A familiar prickly plant | The Taos News


By Rob Hawley
For The Taos News

English: Hound’s-tongue

Spanish: Lengua de vaca

Family: Boraginaceae


Genus and species: Cynoglossum officinale

Lengua de vaca – or hound’s-tongue – is one of those plants almost everyone is familiar with, even if they don’t think they are. I say this because there are very few of us who have not had the seeds of this plant stuck in our socks, pants, dog’s fur or horse’s tail.

Hound’s-tongue was unknowingly imported to this continent from Europe as a hitchhiker, most likely in the wool of the Churro sheep brought by early Spanish explorers. In the past 400 years, it has spread throughout North and South America and can be found as far south as Tierra del Fuego and north into Alaska. Lengua de vaca is one of the most successful traveling plants on the planet. This is a biennial plant, growing from seed the first year, wintering over and blooming the second year to make many triangular-shaped seeds with tiny hooks that stick to almost everything. The first-year plant has long tongue-shaped leaves that turn red in the fall and look like a cow’s or dog’s tongue.


As medicine, hound’s-tongue contains two important properties. It is demulcent, having slippery mucus-like proteins that soothe irritated tissues and can be used as tea for sore throats or topically in salve for irritated skin. The second property is that lengua de vaca contains allantoin, a substance that reduces inflammation, helps to heal burns and accelerates tissue growth.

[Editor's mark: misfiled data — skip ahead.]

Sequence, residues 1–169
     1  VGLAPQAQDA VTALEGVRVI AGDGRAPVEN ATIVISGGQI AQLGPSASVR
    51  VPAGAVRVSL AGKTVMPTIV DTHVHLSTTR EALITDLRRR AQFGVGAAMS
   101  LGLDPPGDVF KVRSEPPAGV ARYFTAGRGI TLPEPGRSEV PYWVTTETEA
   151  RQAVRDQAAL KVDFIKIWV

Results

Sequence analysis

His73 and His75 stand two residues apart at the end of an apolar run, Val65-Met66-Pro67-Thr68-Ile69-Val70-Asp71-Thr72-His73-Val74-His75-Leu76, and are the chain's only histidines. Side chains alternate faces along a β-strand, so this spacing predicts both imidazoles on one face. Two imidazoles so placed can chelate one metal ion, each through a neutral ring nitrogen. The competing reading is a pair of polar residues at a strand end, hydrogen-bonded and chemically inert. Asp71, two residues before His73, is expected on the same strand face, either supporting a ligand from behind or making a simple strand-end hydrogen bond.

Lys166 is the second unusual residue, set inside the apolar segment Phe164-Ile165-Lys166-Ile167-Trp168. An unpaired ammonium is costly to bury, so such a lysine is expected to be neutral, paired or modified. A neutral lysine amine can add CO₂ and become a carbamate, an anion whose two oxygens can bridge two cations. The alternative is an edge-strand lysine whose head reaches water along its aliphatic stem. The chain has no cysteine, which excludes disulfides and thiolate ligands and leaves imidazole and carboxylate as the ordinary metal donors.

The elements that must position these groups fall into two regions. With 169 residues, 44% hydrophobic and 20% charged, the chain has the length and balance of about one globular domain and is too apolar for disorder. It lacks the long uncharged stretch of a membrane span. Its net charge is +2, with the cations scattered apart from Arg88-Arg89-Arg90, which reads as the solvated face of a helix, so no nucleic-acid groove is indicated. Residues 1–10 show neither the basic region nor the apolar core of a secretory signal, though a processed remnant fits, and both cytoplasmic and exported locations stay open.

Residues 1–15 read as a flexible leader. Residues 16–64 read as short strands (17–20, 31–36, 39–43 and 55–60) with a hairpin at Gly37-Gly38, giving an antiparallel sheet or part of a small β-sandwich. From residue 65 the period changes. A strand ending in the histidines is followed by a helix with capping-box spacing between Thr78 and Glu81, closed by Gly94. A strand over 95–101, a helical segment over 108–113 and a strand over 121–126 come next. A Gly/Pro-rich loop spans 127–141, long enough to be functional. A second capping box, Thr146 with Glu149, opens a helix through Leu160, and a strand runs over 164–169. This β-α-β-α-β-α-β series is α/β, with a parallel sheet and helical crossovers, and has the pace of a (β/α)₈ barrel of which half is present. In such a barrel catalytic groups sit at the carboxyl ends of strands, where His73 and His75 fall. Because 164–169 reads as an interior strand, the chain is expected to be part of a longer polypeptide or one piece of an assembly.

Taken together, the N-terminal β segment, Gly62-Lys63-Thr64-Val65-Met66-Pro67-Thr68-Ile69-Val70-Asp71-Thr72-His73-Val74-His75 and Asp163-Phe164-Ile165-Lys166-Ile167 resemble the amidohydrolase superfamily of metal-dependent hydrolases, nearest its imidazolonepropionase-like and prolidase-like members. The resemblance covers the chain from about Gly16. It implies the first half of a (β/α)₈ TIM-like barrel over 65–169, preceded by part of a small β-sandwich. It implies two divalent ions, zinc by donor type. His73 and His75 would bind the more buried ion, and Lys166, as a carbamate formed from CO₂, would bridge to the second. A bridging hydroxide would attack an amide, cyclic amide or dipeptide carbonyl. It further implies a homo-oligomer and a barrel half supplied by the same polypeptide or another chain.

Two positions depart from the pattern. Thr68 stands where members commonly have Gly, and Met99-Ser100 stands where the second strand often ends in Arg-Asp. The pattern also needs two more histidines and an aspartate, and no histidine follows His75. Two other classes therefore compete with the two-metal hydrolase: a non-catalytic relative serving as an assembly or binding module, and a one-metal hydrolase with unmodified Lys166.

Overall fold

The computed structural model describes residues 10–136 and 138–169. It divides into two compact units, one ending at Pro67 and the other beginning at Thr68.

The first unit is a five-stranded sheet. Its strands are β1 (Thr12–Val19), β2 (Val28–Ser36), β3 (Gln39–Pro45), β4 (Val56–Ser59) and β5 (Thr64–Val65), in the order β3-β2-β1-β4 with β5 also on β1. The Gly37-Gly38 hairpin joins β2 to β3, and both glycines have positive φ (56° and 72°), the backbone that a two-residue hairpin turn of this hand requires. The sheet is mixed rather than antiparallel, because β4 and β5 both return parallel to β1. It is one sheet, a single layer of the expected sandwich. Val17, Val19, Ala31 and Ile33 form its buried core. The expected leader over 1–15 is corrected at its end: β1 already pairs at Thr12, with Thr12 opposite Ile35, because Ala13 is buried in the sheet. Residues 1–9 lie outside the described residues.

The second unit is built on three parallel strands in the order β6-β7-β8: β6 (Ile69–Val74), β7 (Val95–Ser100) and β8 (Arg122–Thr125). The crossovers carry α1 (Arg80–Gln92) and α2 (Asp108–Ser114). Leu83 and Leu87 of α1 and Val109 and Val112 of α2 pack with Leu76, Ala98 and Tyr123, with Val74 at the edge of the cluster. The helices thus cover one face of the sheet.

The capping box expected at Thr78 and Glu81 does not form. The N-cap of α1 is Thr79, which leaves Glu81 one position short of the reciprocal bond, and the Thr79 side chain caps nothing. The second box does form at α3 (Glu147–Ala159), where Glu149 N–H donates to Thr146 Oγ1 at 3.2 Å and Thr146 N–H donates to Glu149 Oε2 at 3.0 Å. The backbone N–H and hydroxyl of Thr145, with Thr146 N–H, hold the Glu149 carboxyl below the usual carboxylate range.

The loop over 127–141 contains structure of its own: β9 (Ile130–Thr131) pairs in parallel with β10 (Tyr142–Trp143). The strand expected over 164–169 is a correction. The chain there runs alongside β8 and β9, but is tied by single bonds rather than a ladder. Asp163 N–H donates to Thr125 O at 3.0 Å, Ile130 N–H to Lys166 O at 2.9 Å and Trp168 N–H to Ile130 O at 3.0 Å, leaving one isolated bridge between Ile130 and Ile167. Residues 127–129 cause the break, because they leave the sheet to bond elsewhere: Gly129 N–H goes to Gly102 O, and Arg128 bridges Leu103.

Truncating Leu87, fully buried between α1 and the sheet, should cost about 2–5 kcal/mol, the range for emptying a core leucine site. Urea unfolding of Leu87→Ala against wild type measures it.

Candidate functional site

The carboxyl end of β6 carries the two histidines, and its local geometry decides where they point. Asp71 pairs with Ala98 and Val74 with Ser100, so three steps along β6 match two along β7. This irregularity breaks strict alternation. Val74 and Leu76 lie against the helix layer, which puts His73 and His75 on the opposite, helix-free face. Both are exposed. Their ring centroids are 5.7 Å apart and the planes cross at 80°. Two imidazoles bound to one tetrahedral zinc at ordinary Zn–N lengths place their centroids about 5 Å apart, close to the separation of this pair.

Finally, a warning. Lengua de vaca contains compounds called pyrrolizidine alkaloids (PAs). Some PAs can be toxic to the liver and are suspected to be cancer causing. There are more than 600 different PAs, some of which are very toxic and others not so toxic. Lengua de vaca has been used for thousands of years without report of toxicity, but the Food and Drug Administration recommends that any plant containing PAs not to be consumed internally.

Consult your health care practitioner about the use of herbs or supplements, especially if you are pregnant, taking prescription medication or administering herbs to children.


Hawley is the owner of Taos Herb Company. Reach Taos Herb Company at (575) 758-1991 or taosherb.com.



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